Boom may be too strong an adjective, if only because the continuing good fortune for the Big Four has been so steady in recent year-end results.
2005 was another good year to be in the accounting business, especially at the top. Consider:
- In November, Pricewaterhouse Coopers reported that revenues for its member firms totaled $20.3 billion, an increase of nearly 17 percent, while revenues in North America and the Caribbean were up 16 percent.
- Also in November, Ernst & Young announced that their worldwide revenues increased to $16.9 billion for the 2005 fiscal year. That represented a growth rate of 16 percent. E&Y achieved double-digit revenue growth in each of its geographic areas, including 16 percent in the Americas.
- Just last week, KPMG International announced its 2005 revenues rose to $15.69 billion, an increase of 16.7 percent worldwide and a 15 percent bump within the Americas.
- Meanwhile, right before the holiday, Deloitte Touche Tohmatsu announced aggregate revenues for its member firms totaled $18.2 billion for the 2005 fiscal year, a 10.9 percent increase from last year. Deloitte's Americas region recorded a similar bounce, with revenues up 11.2 percent.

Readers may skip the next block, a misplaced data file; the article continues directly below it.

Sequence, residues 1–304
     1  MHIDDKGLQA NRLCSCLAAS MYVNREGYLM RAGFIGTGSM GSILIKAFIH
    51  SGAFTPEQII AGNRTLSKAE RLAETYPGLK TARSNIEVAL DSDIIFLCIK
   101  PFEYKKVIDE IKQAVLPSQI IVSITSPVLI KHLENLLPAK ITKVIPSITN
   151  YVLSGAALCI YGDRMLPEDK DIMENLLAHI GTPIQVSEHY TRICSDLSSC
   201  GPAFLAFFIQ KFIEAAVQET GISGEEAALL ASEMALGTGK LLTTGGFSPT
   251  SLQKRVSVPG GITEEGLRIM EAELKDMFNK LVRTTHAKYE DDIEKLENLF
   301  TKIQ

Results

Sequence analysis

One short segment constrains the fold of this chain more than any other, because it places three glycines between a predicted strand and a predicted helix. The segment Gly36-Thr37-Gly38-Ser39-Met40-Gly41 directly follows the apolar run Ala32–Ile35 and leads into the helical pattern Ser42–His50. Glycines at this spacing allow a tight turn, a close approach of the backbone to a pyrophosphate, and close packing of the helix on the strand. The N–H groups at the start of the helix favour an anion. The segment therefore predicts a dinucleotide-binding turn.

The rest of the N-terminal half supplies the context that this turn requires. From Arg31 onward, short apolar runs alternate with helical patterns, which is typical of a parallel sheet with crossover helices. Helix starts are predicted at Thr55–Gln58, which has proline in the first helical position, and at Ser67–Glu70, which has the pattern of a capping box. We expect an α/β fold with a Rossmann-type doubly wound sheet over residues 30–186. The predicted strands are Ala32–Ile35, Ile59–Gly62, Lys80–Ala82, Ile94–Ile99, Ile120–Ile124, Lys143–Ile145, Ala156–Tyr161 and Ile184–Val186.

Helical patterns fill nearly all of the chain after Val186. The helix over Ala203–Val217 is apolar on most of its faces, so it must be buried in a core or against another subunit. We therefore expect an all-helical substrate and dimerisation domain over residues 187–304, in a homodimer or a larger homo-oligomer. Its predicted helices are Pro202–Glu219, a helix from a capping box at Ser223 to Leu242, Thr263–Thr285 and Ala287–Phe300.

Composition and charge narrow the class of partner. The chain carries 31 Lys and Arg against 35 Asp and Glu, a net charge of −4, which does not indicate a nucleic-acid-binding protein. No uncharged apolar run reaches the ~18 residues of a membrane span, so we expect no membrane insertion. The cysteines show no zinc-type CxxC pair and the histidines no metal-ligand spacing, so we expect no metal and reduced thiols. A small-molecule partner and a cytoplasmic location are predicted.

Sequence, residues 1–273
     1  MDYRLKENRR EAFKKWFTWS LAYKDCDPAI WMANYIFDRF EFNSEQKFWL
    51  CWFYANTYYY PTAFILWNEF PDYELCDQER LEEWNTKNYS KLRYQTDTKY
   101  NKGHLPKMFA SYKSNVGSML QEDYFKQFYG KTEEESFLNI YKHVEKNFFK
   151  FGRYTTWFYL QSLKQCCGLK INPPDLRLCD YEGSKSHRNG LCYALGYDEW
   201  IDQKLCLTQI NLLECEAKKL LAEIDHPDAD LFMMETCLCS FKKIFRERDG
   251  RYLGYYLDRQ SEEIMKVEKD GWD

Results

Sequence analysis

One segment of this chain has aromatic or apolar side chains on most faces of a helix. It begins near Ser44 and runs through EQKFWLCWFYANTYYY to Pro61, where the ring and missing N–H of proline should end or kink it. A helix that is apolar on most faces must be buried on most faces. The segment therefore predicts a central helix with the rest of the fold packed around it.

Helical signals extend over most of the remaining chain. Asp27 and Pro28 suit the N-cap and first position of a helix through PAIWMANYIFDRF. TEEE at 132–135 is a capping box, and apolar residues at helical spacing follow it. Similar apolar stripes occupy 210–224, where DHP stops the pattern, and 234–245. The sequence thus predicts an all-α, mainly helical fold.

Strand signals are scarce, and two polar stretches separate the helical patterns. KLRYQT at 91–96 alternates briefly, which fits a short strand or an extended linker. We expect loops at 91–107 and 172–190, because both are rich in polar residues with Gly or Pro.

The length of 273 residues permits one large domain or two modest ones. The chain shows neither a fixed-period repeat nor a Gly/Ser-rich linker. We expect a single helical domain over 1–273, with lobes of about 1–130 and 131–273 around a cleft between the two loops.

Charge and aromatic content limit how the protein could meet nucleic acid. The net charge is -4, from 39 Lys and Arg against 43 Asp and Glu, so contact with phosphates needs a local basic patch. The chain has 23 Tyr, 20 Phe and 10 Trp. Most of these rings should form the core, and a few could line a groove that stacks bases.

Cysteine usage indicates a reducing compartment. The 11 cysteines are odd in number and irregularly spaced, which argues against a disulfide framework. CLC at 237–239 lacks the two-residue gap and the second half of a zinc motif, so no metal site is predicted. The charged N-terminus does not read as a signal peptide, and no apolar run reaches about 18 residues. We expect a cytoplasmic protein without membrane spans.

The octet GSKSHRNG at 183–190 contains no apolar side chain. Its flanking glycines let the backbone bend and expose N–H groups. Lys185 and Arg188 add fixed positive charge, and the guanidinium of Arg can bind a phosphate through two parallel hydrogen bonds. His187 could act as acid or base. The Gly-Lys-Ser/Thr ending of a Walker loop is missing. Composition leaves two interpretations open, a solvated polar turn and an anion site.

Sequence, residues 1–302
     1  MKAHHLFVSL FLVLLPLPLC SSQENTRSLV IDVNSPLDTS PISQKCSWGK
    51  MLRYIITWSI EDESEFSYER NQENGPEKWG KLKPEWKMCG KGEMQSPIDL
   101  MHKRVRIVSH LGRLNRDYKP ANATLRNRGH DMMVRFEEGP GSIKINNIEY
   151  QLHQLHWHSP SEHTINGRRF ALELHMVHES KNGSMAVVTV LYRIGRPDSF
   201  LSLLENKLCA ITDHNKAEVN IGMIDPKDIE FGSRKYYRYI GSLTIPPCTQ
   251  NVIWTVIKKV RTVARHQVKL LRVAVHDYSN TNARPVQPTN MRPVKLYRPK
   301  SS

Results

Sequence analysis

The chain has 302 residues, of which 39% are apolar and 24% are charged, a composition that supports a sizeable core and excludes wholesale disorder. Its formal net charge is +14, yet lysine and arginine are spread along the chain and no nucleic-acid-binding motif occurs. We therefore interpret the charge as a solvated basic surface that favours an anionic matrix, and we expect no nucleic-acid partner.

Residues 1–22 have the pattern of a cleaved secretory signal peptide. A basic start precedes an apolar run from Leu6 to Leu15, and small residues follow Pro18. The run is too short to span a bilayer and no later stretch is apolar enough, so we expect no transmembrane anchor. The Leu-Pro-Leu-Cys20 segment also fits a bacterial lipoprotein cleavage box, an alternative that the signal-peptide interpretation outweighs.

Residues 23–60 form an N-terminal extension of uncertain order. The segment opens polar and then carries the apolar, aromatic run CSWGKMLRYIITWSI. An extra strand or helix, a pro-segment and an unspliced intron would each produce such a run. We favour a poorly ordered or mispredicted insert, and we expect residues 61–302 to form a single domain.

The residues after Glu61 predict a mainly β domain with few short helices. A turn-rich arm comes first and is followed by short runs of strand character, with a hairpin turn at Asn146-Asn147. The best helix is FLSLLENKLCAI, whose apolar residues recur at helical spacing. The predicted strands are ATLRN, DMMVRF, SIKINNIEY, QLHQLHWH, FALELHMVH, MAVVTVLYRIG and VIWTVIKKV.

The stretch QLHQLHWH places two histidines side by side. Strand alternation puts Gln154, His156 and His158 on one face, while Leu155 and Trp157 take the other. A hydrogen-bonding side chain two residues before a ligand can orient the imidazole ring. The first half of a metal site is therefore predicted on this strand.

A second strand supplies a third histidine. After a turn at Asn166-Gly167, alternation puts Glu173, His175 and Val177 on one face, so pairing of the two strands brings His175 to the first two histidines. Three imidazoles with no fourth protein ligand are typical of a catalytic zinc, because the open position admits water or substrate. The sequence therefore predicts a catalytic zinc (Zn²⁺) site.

The growth isn't of course just in the Americas, all four of the big-time players, along with firms like BDO Seidman and Grant Thornton, have ambitious international aims. Within America, only time will tell if the industry can sustain such levels of growth. The Sarbanes-Oxley Act has ensured that for the foreseeable be future, demands for public accountants will continue, but it'll be interesting to see if the trickle-down effect from those regulations continues as SOX matures and the law's nuances are spelled out in practical -- and more easily applicable -- terms.Asked about the No. 1 issue for most firms, staffing demands, the new chairwoman of the American Institute of CPAs says there needs to be less grumbling about SOX and the demands of the Public Company Accounting Oversight Board.
"We are so fortunate," said Leslie Murphy. "We're in a profession right now that has more work than available people and available resources. We need to keep that positive veil across all of this."
For now, it's a great time for the industry. Business at home for the major players looks to be steady, despite the occasional shuffling of auditors at the top, and the early figures coming in for the 2006 Accounting Today's Top 100 Firms list look to reveal solid growth for most of the country's midsized firms. With tax season just around the corner, I'm keeping my fingers crossed for the smallest firms -- the mom and pop operations -- that their revenue returns are every bit as positive as the players at the top. And of course, they can find a few good staffers to pitch in while they need the help the most.
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